Treatment with the hormone oxytocin boosts brain activity and improves recognition of emotions in people with autism, according to two small studies published in February1, 2.

Oxytocin is a chemical messenger linked to a long list of social behaviors, ranging from empathy to monogamy, in both people and rodents. Preliminary studies suggest that short-term treatment with oxytocin may boost social skills such as emotion recognition in some people with autism. The effects of long-term treatment have not yet been rigorously studied.


It has long been known that oxytocin plays a leading role in the bonding behaviour of mothers and their newly born children. There is now a growing list of scientific studies that indicate that oxytocin spray could be used as a basis for treating patients with autism or any other type of social cognitive problems.

Oxytocin is known as the ‘love hormone’. The incredible effects that this powerful hormone have on relationships, trust, and sexual and romantic attraction are well established and scientificly proven. Oxytocin effects both men and women, building rapport, attraction, interest, emotional and sex appeal. Ensure that Valentines Day is the most romantic day of your life with the world’s most famous oxytocin spray :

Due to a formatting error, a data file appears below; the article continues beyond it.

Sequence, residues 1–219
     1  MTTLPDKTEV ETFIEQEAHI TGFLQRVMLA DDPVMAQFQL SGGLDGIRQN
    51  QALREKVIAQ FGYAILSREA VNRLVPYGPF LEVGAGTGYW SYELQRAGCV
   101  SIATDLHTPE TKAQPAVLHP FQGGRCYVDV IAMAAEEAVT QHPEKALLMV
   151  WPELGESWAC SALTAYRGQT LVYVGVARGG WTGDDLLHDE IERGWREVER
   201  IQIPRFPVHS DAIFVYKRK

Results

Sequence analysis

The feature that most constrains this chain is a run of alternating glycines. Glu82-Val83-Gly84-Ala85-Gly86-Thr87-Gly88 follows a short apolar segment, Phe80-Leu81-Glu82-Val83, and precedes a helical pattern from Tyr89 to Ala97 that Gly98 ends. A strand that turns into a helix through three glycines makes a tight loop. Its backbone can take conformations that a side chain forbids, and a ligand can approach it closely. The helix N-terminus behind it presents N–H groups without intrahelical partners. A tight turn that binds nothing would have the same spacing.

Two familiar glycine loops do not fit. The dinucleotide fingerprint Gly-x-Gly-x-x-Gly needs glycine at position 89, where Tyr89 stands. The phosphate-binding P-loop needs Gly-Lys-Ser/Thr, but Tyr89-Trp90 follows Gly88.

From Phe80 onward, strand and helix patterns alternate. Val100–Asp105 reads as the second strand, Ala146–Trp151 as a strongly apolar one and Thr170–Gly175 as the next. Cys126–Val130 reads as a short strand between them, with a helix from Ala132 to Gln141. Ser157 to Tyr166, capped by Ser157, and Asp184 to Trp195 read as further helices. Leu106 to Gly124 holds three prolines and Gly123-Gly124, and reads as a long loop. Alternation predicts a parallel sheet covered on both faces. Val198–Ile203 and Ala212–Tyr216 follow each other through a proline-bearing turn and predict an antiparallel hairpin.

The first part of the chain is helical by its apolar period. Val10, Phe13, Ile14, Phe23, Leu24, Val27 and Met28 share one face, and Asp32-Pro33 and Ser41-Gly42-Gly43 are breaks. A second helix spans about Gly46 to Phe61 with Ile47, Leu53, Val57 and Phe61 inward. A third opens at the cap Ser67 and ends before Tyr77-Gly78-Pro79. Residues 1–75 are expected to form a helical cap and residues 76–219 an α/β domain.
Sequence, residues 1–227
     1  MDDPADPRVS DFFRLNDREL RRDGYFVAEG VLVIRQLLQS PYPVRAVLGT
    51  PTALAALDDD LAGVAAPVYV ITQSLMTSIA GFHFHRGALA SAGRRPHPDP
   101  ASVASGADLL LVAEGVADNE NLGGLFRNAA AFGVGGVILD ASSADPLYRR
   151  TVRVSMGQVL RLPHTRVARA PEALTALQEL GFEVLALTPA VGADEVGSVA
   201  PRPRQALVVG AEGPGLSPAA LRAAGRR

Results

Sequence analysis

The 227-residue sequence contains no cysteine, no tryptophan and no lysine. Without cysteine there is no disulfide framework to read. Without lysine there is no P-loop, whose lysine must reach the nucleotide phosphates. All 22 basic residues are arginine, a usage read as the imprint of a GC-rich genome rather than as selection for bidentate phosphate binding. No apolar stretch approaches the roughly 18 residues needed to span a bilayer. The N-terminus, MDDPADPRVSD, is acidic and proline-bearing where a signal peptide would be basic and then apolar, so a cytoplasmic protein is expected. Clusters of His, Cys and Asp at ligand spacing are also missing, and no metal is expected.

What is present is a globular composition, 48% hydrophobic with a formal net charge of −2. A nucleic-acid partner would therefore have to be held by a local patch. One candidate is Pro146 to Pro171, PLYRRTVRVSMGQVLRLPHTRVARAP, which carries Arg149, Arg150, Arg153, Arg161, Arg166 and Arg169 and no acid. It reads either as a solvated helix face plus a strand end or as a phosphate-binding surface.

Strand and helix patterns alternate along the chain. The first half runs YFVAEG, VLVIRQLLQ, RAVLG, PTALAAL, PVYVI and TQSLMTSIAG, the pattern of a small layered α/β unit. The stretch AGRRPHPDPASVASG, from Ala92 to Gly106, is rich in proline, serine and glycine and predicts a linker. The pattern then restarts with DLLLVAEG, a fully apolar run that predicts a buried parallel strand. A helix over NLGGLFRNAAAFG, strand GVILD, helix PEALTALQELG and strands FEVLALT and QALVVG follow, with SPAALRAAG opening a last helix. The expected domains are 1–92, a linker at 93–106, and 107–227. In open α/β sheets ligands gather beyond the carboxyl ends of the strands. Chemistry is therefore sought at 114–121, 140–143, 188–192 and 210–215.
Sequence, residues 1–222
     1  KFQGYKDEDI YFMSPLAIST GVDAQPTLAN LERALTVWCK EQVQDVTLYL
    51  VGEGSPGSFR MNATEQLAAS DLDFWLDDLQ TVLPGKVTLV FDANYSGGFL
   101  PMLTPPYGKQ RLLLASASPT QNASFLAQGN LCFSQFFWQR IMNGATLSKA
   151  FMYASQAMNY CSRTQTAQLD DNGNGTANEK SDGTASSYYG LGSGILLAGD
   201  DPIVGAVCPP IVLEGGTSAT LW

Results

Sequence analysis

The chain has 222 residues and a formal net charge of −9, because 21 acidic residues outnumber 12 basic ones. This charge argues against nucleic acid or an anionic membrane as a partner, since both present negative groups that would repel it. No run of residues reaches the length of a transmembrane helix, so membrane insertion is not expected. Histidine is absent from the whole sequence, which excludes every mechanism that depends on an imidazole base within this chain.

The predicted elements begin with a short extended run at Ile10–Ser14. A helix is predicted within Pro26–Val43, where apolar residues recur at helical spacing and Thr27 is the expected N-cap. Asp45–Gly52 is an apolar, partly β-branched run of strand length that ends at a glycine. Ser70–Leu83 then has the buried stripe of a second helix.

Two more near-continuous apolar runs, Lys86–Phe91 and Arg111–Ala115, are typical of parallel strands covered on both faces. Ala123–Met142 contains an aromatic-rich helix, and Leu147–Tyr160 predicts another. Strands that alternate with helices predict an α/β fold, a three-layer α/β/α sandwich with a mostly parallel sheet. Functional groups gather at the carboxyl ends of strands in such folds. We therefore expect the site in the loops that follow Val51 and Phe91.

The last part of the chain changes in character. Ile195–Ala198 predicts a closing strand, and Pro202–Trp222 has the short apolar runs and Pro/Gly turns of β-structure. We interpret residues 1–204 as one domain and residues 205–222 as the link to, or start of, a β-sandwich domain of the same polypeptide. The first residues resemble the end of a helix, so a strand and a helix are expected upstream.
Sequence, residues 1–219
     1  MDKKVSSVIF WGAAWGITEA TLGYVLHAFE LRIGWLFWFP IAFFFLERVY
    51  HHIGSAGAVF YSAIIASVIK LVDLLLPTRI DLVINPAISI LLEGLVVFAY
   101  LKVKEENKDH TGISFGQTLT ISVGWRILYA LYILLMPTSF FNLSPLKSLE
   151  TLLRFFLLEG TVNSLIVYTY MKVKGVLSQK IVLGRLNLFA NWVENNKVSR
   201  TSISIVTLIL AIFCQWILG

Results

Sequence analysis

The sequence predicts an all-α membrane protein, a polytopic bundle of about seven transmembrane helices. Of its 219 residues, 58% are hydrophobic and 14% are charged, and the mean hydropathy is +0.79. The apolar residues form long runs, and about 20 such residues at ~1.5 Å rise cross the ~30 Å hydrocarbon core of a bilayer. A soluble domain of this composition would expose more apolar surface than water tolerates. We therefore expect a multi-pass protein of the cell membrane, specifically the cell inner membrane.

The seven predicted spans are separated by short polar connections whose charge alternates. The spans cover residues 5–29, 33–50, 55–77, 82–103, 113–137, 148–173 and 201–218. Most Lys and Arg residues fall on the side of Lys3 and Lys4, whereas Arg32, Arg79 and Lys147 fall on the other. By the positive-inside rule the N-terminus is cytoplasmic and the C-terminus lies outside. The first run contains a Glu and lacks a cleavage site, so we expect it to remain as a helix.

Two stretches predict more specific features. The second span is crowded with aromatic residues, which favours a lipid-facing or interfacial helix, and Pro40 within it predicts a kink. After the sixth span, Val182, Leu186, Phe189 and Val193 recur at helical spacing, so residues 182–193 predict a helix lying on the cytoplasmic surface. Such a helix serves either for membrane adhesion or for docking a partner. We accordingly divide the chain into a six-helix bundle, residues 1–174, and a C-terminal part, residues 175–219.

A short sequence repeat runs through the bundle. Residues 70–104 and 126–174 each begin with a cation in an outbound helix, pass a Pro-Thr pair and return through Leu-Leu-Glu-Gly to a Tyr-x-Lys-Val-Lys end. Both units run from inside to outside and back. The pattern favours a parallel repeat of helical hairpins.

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Researcher in Australia claim that a modified version of the love hormone oxytocin may form a successful treatment for irritable bowel syndrome and abdominal pain. Currently, there is no drug that directly treats bowel pain, despite up to 11% of Americans suffering from the illness. Using an ‘improved’ version of the oxytocin molocule, the team from the University of Queensland were able to create a drug that passed successfully into the digestive system. The researchers found that their oxytocin drug had ‘significant potential’ to alleviate the symptoms of chronic bowel problems.

read more at : http://medicalxpress.com/news/2014-01-oxytocin-abdominal-pain.html

Oxytocin is known as ‘the love drug’ for its ability to enhance social interactions including maternal behaviour, partnership and bonding.

Professor Alewood, from UQ’s Institute for Molecular Bioscience, said the molecule they had developed – a version of oxytocin with improved stability – showed significant potential in alleviating abdominal pain.